“It’s going to be fun just getting back on the field, getting the chance to play, take some snaps, and do what I love doing,” Manziel told reporters Thursday, after the team’s final walk-through. “I’m excited from a personal standpoint just to get back, take some snaps, and run around.”

But head coach June Jones reaffirmed a previous statement that he views Jeremiah Masoli as the Ti-Cats starter for the entirety of the coming season, by saying he’ll start Friday’s game.

“Masoli is going to play until I feel good about it,” Jones said of the preseason game. “And then the rest of the game will be whatever we decide – 15 plays each, or whatever.”

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Hamilton Tiger-Cats head coach June Jones said Monday he expects Johnny Manziel to make his CFL debut Friday in the preseason game against the Toronto Argonauts, according to TSN.

June praised Manziel for being mentally “plugged in” since his arrival north of the border, but said he won’t force the former NFL first-round pick into action if he doesn’t feel the passer is fully prepared.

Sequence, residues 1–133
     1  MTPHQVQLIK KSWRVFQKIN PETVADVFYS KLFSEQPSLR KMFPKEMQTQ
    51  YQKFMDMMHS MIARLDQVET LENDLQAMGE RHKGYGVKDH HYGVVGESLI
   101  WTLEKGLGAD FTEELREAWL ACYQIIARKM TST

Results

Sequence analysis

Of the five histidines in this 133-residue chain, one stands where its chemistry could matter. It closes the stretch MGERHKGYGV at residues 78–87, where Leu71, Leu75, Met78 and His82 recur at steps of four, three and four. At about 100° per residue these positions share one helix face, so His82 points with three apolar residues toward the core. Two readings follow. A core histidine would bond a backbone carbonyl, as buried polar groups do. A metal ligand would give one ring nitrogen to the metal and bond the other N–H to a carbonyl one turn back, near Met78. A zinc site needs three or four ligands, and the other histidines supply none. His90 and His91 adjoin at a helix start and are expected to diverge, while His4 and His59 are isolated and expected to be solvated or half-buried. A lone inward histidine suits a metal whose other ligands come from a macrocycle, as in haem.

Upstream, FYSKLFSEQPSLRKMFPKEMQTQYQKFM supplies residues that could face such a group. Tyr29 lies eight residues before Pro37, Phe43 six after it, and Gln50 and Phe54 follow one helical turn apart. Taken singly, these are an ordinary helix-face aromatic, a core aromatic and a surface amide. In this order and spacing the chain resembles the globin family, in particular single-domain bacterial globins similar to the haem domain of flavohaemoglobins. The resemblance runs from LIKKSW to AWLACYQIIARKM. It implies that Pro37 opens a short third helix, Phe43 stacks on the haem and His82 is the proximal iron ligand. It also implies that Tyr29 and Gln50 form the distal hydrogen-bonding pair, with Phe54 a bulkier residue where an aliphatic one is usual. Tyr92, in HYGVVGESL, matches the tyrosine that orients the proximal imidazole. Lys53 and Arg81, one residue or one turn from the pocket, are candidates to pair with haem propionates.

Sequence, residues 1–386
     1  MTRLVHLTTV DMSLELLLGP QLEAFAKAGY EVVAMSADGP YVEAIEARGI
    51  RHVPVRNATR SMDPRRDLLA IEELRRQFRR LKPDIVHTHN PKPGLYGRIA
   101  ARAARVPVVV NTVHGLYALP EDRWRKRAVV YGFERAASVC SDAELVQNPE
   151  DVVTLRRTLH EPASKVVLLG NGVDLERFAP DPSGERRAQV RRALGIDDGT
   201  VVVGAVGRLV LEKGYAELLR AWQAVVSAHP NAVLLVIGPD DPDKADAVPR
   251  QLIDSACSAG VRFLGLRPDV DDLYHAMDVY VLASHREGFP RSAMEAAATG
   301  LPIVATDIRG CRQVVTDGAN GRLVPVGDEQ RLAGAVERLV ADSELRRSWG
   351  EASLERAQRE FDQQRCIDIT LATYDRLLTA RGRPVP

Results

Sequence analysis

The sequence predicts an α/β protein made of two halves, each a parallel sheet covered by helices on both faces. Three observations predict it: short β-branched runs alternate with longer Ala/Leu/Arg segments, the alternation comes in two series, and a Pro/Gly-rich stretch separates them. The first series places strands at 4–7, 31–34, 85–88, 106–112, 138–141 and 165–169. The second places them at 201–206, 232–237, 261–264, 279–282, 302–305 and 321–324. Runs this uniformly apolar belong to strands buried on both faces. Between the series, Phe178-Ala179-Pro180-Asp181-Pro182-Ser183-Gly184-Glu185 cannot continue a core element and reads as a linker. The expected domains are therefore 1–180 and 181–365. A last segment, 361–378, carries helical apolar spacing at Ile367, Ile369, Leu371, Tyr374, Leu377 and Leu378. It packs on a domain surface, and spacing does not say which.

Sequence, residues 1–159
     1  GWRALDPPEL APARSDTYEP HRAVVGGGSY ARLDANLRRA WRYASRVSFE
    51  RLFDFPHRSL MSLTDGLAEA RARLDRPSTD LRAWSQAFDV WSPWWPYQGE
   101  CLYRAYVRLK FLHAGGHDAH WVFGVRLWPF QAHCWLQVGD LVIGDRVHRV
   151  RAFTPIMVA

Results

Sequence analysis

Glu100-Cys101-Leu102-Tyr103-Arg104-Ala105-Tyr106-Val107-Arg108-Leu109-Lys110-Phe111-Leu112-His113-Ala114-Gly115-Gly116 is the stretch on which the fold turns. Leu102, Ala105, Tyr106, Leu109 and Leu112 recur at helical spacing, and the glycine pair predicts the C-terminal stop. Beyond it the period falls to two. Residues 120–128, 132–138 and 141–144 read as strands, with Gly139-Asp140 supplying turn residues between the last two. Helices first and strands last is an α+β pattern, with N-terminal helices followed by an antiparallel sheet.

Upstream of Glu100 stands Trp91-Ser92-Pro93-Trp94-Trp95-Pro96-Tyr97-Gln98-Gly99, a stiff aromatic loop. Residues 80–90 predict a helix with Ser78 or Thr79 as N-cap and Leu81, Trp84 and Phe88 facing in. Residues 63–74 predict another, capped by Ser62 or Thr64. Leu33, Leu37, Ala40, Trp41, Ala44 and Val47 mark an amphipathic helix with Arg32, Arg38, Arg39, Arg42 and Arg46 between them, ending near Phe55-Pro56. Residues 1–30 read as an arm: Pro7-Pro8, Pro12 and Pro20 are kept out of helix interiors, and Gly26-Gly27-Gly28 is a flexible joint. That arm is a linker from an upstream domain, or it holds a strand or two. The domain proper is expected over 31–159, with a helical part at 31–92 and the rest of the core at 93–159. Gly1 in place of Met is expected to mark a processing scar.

Jeremiah Masoli sits atop the Tiger-Cats’ quarterback depth chart after starting 12 games in 2017. Manziel, meanwhile, is set to battle for his place in a quarterback room that also contains Vernon Adams Jr.Bryant Moniz, and Dane Evans.

Hamilton Tiger-Cats coach June Jones has already been very forthcoming about his admiration for Johnny Manziel, and he took it to another level Thursday.

The Tiger-Cats hold Manziel’s league rights, and in an appearance on CFL podcast “The Waggle,” Jones had lofty praise for the former Cleveland Browns quarterback.

“I think (Manziel) would be the best player to ever play up here,” Jones told hosts James Cybulski and Davis Sanchez. “He can throw it and he can run it like nobody has ever been able to do.”

Jones worked out Manziel twice and clearly came away impressed. While the former Texas A&M star flamed out in the NFL, Manziel was one of the most dominant college football players in recent memory. He became the first SEC player in history to throw for 3,000 yards and rush for 1,000 yards in the same season.

Upon winning the Heisman Trophy in 2012, Manziel gave a shoutout to CFL legend Doug Flutie, a player many consider the best in league history.

“I have been dreaming about this since I was a a kid, running around the backyard pretending I was Doug Flutie, throwing Hail Marys to my dad,” he said, according to The Associated Press.

The Tiger-Cats have two strong quarterbacks on the roster, but Jones admitted it will be tough to keep both Jeremiah Masoli and Zach Collaros. That’s helping drive Jones’ interest in having Manziel compete for a spot.

“You always have to have two guys. I would see that (Manziel) would be very competitive, there’s no question about it,” Jones said. “You can’t have too many of those guys, and once Johnny would get his shot in there, I think he would be hard to unseat.”